For example, once the RFID data has been forwarded, it will be examined to determine whether or not the RFID data is encrypted (step 825). If the RFID data is encrypted (step 825=“YES”), then a security mechanism such as security mechanism 229 of FIG. 2 will be used to decrypt the data (step 830) and make the RFID data available for further processing. While not all RFID data transmissions need to be encrypted, certain types of information, such as sensitive medical information and personally identifiable information associated with patients, etc., will typically be encrypted to ensure the safety and integrity of the data.

If the data is not encrypted (step 825=“NO”) or after the data has been decrypted, then method 800 will proceed and the RFID data will be examined to determine whether or not the data is compressed (step 835). If the RFID data is compressed (step 835=“YES”), then the RFID data will be decompressed and made available for further processing (step 840).

If the RFID data is not compressed (step 835=“NO”) or after the data has been decompressed, then method 800 will continue and the RFID data will be examined to determine whether or not the data contains an XML flag, indicating that the RFID data should be transformed to ehealthXML (step 845). If the XML flag is set (step 845=“YES”), then the RFID data will be transformed to ehealthXML (step 850) and the ehealthXML data will be stored and made available for further processing. Once the data has been decrypted, decompressed, and converted to ehealthXML as necessary, the data can be identified with one or more applications.

Once the RFID data has been captured and converted as necessary, method 800 continues by examining the data to determine if the data contains values for the Asset Management (AM) component of integrated healthcare management system 100 of FIG. 1 (step 855). If the RFID data is related to the AM component (step 855=“YES”), then the RFID data will be used to retrieve the appropriate AM record from the database and the data will be linked to that portion of the database and the database will be updated (step 860). Otherwise (step 855=“NO”), the transmitted RFID data will be examined to determine if the data contains values for the Personal Health Management (PHM) component of integrated healthcare management system 100 of FIG. 1 (step 865). If the RFID data is related to the PHM component (step 865=“YES”), then the RFID data will be used to retrieve the appropriate PHM record from the database and the data will be linked to that portion of the database and the database will be updated (step 870). As shown in FIG. 8, this process will repeat continually, with RFID data being transmitted and integrated into integrated healthcare management system 100 of FIG. 1 and being made available to the authorized users of integrated healthcare management system 100 of FIG. 1.

Referring now to FIG. 9, a flow chart for a method 900 of using RFID tags to manage assets in an integrated healthcare management system in accordance with a preferred exemplary embodiment of the present invention. As shown in FIG. 9, whenever a new asset is purchased for the healthcare facility (step 905), then an RFID tag will be associated with the asset and the RFID tag will be affixed to the newly acquired asset (step 910). Note that this process may be completed as often as new assets are acquired.

As explained in conjunction with FIG. 8, once the RFID data is made available after acquisition by an RFID tag reader, the RFID data is forwarded and processed by integrated healthcare management system 100 of FIG. 1 (step 915) to accomplish the objectives of the preferred embodiments of the present invention. The RFID data is continuously monitored by the RFID readers and data is transmitted from the RFID tags for further processing by integrated healthcare management system 100 of FIG. 1. Typically, the data is updated whenever an asset is moved into range of an RFID reader or when the asset is operated.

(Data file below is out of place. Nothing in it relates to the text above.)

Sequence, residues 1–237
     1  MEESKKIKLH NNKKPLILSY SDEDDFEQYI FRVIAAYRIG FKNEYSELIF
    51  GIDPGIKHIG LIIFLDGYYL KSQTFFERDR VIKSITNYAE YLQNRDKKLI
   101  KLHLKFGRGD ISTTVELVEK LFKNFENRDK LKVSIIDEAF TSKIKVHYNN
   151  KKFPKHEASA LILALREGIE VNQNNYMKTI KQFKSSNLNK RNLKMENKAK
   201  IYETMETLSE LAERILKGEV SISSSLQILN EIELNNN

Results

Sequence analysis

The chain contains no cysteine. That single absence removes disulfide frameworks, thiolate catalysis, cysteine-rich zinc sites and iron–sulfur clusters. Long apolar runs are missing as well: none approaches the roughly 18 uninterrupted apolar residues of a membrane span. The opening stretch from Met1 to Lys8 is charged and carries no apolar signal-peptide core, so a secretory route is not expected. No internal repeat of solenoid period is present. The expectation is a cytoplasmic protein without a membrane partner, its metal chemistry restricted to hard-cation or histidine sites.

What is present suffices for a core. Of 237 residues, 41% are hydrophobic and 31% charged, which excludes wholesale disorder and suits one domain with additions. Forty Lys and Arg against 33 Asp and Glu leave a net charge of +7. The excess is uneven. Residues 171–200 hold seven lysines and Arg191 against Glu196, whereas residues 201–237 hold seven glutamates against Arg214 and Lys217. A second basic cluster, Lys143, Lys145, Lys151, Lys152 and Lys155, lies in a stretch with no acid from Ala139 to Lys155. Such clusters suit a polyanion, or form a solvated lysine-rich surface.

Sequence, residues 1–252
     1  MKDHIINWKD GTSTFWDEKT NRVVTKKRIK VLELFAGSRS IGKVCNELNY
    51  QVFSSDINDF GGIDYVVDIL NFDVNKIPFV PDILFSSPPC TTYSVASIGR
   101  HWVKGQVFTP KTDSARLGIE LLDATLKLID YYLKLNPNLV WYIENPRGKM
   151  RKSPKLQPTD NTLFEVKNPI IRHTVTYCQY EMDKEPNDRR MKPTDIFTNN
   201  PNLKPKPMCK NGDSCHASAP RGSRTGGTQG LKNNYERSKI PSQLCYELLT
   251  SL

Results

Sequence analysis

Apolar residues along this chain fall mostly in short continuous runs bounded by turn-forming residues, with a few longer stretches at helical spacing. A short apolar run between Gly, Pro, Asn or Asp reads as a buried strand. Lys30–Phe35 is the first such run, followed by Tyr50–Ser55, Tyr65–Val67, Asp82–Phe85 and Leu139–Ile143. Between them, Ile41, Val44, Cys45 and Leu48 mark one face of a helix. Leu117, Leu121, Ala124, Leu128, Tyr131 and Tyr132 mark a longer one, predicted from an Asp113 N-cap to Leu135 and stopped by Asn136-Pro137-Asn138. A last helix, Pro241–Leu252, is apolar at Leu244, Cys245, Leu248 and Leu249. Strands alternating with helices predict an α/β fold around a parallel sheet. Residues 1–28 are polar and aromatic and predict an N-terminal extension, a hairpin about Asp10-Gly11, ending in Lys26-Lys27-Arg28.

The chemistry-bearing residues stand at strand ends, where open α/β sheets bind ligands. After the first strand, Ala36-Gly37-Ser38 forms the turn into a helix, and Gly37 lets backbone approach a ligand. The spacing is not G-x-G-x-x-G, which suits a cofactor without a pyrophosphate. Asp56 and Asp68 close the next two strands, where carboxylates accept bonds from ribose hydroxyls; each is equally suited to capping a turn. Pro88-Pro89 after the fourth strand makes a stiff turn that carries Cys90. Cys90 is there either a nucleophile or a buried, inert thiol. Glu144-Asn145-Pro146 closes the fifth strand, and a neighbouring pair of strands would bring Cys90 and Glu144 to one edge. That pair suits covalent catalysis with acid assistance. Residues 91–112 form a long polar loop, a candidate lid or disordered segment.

Once the RFID data is received, the data will be examined to determine if the asset associated with the RFID tag is a newly acquired asset (step 920). If the asset associated with the RFID data reflects the acquisition of a new asset (step 920=“YES”), then the new asset information will be configured in the database (step 925). If the asset associated with the RFID data does not reflect the acquisition of a new asset (step 920=“NO”), then the RFID data will typically be used to confirm and publish the physical location of the asset associated with the RFID data (step 926).

Once the present location has been established, it can be compared to the previous location of the asset associated with the RFID data to determine whether or not the asset has been moved (step 930). If the asset has been moved from the previous location (step 930=“YES”), the present location will be identified and verified (step 935) to determine if the asset has been or is being moved to an inappropriate or restricted area. As part of this process, an alarm or alert can be activated to alert the appropriate person or persons as to the improper movement or location of the asset. This notification can take place via instant message, email, SMS message to a cell phone, preprogrammed phone call, etc.

Next, the RFID data can be examined to determine if the RFID tag has been tampered with (step 940). In this case, if the RFID has been tampered with, then an integrity check can be performed to determine the problem with the RFID tag. If tampering is not detected (step 940=“NO”), then method 900 will continue to process the RFID data to determine if the RFID tag has been compromised (step 950). If the RFID tag has been compromised (step 950=“YES”), then the RFID tag will be disabled and an alert will be sent to the operators of integrated healthcare management system 100 of FIG. 1. This notification can take place via instant message, email, SMS message to a cell phone, preprogrammed phone call, etc.